Audiobooks: Do You Hear What I Hear?

By Kristy Horine

Multi-published Kentucky author, Hallee Bridgeman, looked at audio books for several years before she seriously pursued them. Her first audiobook was published in early 2018, after she had 19 books already in print. Hallee agreed to answer a few questions about her audiobook process.

Q:  How did you know where to begin with audiobooks?

A: I researched through different author social media groups, asked questions, and read articles.

Q:  How did you find your voice artist?

A: I have a unique situation in that my voice artist is a good friend. He has been a voice artist for years, owns a radio station, and was looking at getting into audiobook production about the same time I was looking into getting my books done. I was intentionally seeking out a male artist, so he was my first choice.

Q: Did you have to do all the editing and production yourself or does another company handle that?

A: The voice artist is in charge of all editing and production. I listen to the first draft of recordings while reading along. As I encounter things read wrong, inflections wrong, voices wrong, I provide a detailed list per chapter. The fixing of problems is called “pickups” – when the artist implements all of the pickups, I listen to it all again and make sure the changes were correct.

Q: How much creative input did you have in the process?

A: It’s my book. The artist should want to record it in a way that I envision it in my mind. If he cannot then he isn’t the right voice for me.

Q: Were there any surprises along the way? (Positive or negative)

A: I was surprised at how much my writing has improved after listening to the way the audiobook sounds. I’m way more conscious of overused words and dialogue tags, etc.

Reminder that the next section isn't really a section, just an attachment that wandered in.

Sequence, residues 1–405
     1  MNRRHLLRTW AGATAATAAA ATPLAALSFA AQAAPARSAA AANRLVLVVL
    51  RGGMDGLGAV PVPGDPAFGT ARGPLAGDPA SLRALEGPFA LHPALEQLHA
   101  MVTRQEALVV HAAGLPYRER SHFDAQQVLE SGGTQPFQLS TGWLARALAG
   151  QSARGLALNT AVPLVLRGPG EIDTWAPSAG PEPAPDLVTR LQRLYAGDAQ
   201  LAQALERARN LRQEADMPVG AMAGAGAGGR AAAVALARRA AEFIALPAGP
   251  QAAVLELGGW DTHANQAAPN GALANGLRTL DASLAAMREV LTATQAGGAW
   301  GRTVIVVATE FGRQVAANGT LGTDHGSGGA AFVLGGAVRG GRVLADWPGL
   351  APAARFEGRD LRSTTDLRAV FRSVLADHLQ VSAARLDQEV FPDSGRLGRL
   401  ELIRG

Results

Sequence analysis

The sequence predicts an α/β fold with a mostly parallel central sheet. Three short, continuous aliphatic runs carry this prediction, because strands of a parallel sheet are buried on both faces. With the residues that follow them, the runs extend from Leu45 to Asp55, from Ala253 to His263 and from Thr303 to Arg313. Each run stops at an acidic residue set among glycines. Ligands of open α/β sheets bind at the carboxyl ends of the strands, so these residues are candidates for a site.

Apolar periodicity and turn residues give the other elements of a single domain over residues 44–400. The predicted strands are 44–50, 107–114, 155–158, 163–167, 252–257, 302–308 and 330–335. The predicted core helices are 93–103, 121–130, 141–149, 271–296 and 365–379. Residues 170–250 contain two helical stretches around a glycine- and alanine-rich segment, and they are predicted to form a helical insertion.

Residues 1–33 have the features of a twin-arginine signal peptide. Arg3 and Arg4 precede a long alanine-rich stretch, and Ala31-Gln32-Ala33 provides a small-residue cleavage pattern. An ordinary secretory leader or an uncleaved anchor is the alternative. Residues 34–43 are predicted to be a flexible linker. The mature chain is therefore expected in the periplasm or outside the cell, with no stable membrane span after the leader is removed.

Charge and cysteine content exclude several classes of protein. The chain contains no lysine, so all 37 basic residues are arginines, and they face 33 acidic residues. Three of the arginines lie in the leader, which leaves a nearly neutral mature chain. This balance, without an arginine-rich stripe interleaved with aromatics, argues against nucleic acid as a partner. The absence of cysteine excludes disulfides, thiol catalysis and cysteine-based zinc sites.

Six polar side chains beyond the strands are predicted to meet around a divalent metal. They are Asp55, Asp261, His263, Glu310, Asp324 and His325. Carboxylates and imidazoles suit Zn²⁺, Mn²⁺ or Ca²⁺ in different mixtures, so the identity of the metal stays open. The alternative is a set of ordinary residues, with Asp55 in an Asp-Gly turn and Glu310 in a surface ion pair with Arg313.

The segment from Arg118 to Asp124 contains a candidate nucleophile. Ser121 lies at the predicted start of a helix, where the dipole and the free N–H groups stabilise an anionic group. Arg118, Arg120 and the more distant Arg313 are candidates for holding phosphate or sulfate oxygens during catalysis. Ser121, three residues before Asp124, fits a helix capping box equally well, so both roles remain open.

Q: If you could do it all over again, would you and why?

A: I definitely would – and I would do it sooner. Right now, it takes hours and hours to produce one book. He is keeping up with my current production, but there are several books written before that he hasn’t had a chance to get to record yet.

Thank you, Hallee, for sharing your wisdom and experience with us! 

In addition to this interview with Hallee, there are multiple resources on audiobooks available to writers. As stewards of the words God has given us, it is wise to find out more about this growing field.

According to author and speaker, Amy Collins, almost 28 percent of the budgets in the top libraries across the US is dedicated to audiobooks. In this video,  Amy takes the time to speak with Richard Rieman, award-winning narrator and director of Audiobook Revolution.

Richard outlines the audiobook process that picks up after the manuscript is complete. This includes:

  • Recording (self-narrated by author or narrated by a professional)
  • Editing (making changes to inflection, pronunciation, etc)
  • Mastering (putting all the cleaned up audio files together into one cohesive form)
  • Uploading files to an audiobook platform.

Richard advises that authors understand the audiobook process takes time. The average narration rate, he says, is 9,300 words per hour. This means that a 90,000 word book can take upwards of ten hours just to record. The entire process could take ninety days or more.

But Hallee and Richard would probably both agree that audiobooks are the wave of the future. It’s a sentiment that podcaster and author, Thomas Umstattd, Jr, repeats in this audiopost  from the Christian Publishing Show. Thomas takes listeners on a history of the oral tradition, the popularity and forecast for both podcasts and audiobooks, and encourages writers to begin the audio process now.

As a writer, are you are headed in the traditional direction of publishing, going indie with self-publishing, or braving the auditory waters of audiobook publishing? If so, we at Inspired Prompt invite you to look back over May’s posts. Visit as often as you’d like, or need. We pray your stay has been an inspiring one.